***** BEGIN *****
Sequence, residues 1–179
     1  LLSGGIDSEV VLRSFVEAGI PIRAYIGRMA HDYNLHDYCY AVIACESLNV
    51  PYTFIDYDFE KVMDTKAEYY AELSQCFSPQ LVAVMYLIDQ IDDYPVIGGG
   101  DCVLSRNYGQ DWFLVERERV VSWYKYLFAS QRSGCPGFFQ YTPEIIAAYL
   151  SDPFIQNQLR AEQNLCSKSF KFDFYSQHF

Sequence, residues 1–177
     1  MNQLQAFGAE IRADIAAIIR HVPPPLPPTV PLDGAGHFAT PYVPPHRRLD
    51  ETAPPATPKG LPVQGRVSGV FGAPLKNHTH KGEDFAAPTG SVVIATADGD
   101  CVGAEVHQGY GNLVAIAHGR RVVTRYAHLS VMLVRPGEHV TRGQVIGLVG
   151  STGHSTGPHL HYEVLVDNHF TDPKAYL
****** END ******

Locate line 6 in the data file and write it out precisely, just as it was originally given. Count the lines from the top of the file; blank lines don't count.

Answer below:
Sequence, residues 1–177